Monday, July 26, 2010

Champagne Sailing

It is now abundantly clear that the Olympic sailing organizers got it all wrong with the "medal race" concept - the idea that they would make the last race of the regatta more exciting by allowing only the top ten sailors to race in it, awarding double points, and not allowing that score to be thrown out.

Sailing should instead learn from the immensely popular sport of cycling and copy the Tour de France format where, for reasons I have not been able to discover or understand, the last stage is largely ceremonial. So, this year, Alberto Contador, who was leading Andy Schleck by the slimmest of margins, cruised along in the final "race" sipping champagne, shooting his friends with a squirt gun, and sticking his fingers in the air to indicate how many times he had won the Tour. Apparently Mr. Schleck was too much of a nice guy to pedal a bit harder and beat Mr. Contador while he was performing these antics. Or something.

Fantastic. Let's do it, Olympic sailing organizers. Scrap the medal race. Go for the ceremonial race. A bottle of champagne and a squirt gun on every boat and let's party.


Platts Motor Company Ltd said...

The Tour De France is a marathon - it's more like the Round the World race (used to be) than an Olympic Regatta. Just surviving the 3 weeks is a major achievement - hence the celebration on the last day.

It does have all sorts of strange "traditions", but I personally think this adds to the colour of the event.

Tillerman said...

Absolutely, Platts Motor Company Ltd. I only became aware of some of these strange traditions this year, having always been under the impression before that the Tour de France was a race and that people were trying to win it.

I must admit I do like these colorful customs such as, "let's all wait for Andy if his chain comes off" and, "hey, it's the last day so let's all get stoned and let Alberto win." Sailing would be much more fun if we adopted the same spirit.

By the way, Platts Motor Company Ltd, you win the prize for "most interesting name for a commenter on this blog." Hope to hear from you again.

Tex and Edna Boyle's Prairie Warehouse and Curio Emporium said...

I like the idea

Baydog said...

Such a dope

Tillerman said...

Welcome to Tex and Edna Boyle's Prairie Warehouse and Curio Emporium. You are now entitled to wear the pink and white spotted jersey for "most interesting name for a commenter on this blog."

By the way, do you know a fellow called Baydog?

Pandabonium said...

That's the way I always sail. Race? What's the rush?

Pat said...

So how close is John Kerry's New Zealnad uber-yacht to your home?

Pat said...

New Zealand, sorry. I guess the Senator decided that New England shipwrights weren't capable enough to build the yacht to his standards.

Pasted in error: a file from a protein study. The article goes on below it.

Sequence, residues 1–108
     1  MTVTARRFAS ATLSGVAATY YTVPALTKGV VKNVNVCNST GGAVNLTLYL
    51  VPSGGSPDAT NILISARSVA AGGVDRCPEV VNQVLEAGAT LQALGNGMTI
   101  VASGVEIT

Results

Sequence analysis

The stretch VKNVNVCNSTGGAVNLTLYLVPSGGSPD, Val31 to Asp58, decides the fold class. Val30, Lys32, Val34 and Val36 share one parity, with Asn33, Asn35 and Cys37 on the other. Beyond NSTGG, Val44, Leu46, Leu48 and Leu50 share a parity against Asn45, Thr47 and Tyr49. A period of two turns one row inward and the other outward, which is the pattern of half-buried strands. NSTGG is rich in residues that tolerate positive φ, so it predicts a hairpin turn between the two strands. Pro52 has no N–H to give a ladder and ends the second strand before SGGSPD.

Tillerman said...

Pat, I understand that Isabel is currently at the Hinckley Shipyard in Porstmouth which about 8 miles away, but her permanent home will be the Newport Shipyard about 15 miles away.

Ole Eichhorn said...

The last stage of the Tour is a sprint, because it is flat (no climbing) and finishes on the Champs d'Elysee (which is flat).

The race is contested, but it is contested among the sprinters in the peloton. The riders who are in competition for the overall best time (aka General Classification or GC) are not sprinters, they are climbers, and climbers cannot gain time on each other in a sprint, because the entire field finishes as one group.

In theory the GC contenders could attack before the finish and win in a breakaway, but in practice they would be chased by the teams of the sprinters to setup a final sprint which their riders could win.

It should also be said...

...that sailing and the English, in particular, may have learned something from cycling and the French.

The Tour de France was created as a publicity stunt by a newspaper publisher hungry for readers, in a competition with a rival newspaper.

Can you think of a major round the world sailing race that began the same way?

The 'parade' to Paris grew out of one of the early runnings when the race ended in the country and they needed to get the riders back to Paris.

Politics, money, and cheesy commercialism have always been part of the tour - witness the caravan of sponsor trucks that precedes the race (out of the view of television coverage) even today.

It will always be controversial and I think the French wouldn't have it any other way.

Tillerman said...

Thanks Ole. I think I get it now.

So it's as if sailing had upwind specialists and downwind specialists? The upwind guys always win the regattas overall but some races are mainly runs so that some of the downwind guys can win them? And the last race in the regatta is always a long downwind race? But if one of the upwind guys tried to break away from the fleet in that last race, then the pack of downwind guys would team race him and give him dirty air so that one of the downwind guys could win that race?

Makes sense.

I guess.

Baydog said...

What I should have originally and simply said was, "you mean you don't always sail with champagne and squirtguns on board?"

Baydog said...

And, "It should also be said" sounds eerily familiar.

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